Ultra endurance races.....
..... Are races that exceed the distance or duration of an equivalent Olympic event, and or an event that can exceed either 4-6 hours. Pushing your physical ability to the extreme in competitions such as..
Ultra-Trail du Mont-Blanc (UTMB) which is 166 kilometres (103 miles) an ultra marathon, with a total elevation gain of around 9,600 m
Marathon des Sables (MdS, Marathon of the Sands) is a six-day, 251 km (156 miles) ultra marathon (see picture).
Race to the stones UK 100km (62 miles) in Oxfordshire to finish next to the 5,000 year old stone circle in Avebury.
Ironman Triathlon Organized by the World Triathlon Corporation (WTC) consisting of a 2.4-mile (3.86 km) swim, a 112-mile (180.25 km) bicycle ride and a marathon 26.2-mile (42.2 km) run, raced in that order and without a break. This Ironman triathlon is one of the most difficult one-day sporting events in the world. One of our Wrexham athletes Shaun O Keefe was successful in completing this event in Hawaii Kona this year.
More and more people are competing in these races; the competitors are not all professional athletes as they are also juggling home and family life with a full time job. Success depends on training and the ability to consume enough nutrients to enable you to perform and complete the ultra. Heat, humidity, altitude, terrain and availability of food and fluid all have to be considered very carefully.
Endurance athletes each have their own strategies for obtaining energy and fluids during the activity, this is not easy as the wrong food/ fluid consumed at the wrong time will have a performance-decreasing effect. Good nutrition is vital pre, during and post, here are some basic evidence based principles to consider if you are planning on competing in an Ultra.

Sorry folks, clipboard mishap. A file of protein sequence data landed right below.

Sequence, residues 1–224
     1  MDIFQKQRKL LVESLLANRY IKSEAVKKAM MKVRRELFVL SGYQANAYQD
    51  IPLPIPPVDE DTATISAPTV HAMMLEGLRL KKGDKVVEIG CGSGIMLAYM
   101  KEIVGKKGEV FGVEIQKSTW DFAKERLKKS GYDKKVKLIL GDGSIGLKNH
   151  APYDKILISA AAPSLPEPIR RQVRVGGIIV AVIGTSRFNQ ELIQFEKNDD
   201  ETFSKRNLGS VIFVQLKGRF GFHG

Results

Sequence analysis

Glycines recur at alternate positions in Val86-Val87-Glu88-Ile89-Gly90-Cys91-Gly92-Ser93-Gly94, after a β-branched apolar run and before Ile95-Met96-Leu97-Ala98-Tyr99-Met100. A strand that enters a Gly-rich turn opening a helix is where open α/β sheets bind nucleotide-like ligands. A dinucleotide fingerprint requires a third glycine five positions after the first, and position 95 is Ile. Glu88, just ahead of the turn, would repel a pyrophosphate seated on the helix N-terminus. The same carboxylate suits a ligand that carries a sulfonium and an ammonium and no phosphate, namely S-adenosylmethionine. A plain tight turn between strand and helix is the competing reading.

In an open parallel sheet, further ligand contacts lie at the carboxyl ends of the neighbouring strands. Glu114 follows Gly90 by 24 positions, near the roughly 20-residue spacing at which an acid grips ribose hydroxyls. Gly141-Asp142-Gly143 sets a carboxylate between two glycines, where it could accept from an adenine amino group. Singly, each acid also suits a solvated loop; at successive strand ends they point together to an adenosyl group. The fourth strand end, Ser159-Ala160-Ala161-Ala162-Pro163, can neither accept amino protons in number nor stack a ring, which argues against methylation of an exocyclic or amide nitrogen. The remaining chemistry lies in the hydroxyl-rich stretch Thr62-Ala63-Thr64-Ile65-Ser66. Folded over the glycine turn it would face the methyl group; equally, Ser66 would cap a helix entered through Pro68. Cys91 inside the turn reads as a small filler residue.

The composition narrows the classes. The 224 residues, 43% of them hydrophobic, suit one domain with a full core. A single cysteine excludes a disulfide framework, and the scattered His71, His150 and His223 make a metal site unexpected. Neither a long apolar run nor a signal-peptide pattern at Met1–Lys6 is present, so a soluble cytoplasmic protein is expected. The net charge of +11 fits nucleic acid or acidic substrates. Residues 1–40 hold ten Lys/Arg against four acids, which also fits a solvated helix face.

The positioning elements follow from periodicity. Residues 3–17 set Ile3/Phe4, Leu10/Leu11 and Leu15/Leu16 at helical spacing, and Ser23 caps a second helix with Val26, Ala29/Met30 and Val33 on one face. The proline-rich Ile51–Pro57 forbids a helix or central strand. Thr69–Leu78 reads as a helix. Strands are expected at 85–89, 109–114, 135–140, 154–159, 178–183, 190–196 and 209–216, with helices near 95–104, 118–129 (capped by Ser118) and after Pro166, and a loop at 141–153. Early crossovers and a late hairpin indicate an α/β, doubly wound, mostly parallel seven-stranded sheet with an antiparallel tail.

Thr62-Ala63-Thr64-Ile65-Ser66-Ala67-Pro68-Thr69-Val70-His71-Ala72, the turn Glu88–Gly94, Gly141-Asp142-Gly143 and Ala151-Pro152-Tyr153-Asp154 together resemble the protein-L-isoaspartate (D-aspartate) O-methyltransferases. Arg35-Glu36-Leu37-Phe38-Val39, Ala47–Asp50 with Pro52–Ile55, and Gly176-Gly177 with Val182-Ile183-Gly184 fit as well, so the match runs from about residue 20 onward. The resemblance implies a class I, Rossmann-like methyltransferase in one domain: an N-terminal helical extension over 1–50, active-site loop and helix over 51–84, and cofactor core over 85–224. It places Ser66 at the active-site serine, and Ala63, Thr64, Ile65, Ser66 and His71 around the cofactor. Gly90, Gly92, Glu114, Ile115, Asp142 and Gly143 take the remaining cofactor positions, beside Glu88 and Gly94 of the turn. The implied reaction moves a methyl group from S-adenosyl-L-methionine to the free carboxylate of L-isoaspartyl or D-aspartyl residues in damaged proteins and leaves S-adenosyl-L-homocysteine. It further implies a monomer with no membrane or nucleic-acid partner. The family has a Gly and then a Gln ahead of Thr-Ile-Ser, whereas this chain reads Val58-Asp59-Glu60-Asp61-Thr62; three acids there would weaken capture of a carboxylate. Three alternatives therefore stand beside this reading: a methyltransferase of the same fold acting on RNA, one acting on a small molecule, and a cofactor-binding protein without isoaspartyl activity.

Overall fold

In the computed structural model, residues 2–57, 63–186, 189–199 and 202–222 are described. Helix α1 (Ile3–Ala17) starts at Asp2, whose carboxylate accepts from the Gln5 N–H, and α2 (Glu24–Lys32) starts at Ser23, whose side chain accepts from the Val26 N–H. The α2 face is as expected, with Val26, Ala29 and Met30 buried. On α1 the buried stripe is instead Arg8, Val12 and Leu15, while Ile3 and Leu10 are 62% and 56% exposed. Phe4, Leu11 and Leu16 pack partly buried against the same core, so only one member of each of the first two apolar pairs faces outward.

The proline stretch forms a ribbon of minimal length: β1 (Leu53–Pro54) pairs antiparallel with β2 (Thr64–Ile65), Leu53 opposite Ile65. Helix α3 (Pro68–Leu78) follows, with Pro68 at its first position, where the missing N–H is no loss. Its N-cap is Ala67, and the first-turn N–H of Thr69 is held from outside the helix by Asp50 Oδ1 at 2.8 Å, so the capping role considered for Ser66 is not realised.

- Experimenting with food and fluids whilst training is the key to finding something which is well tolerated. Evidence has shown that if you do not “train” your gut i.e. eating on the go you are twice as likely to develop nausea, diarrhoea and vomiting during the ultra.
- Fluid requirements, depending on temperature you can lose from 3-5 litres of fluid in a marathon. Fluid and electrolyte strategies that replace sweat loss and keep you hydrated need to be met.
- Maintaining adequate energy intake, an iron man event could use up as much as 8,500-11,500 kcals (calories), this is a huge amount required and needs careful snack and meal planning.
- Primarily sufficient carbohydrate intake before and during the event to sustain energy level.
- Protein intake has to be factored in to maintain muscle strength to aid endurance.
- Consider a variety of food/fluids to use e.g. you will get bored of the same food/drink half way through.
- Fat requirements on the day are low fat as high fat can cause nausea, vomiting and or diarrhoea.
- Expect to feel sick as evidence as found that 1 in 4 competitor’s feel nausea/sickness competing in ultras.
The above advice is a very basic, there is a lot more to nutrition with regards to planning for an Ultra. Way before the event ensuring that your current diet has the correct vitamins and minerals is vital in your training schedule and performance. I offer individual dietary assessments and use up to date software to analysis your dietary intake. I compare your diary with your individual requirements and provide advice to help you achieve a balance.
Fluid, carbohydrate and protein requirements must be calculated and well timed in order to compete an Ultra endurance race, if this not done correctly it can lead to poor performance, tiredness fatigue, and possibly non completion of a race. If anyone is planning on competing in an ultra then seeking individual dietary guidance from an experienced Dietitian is vital, for further information please contact me.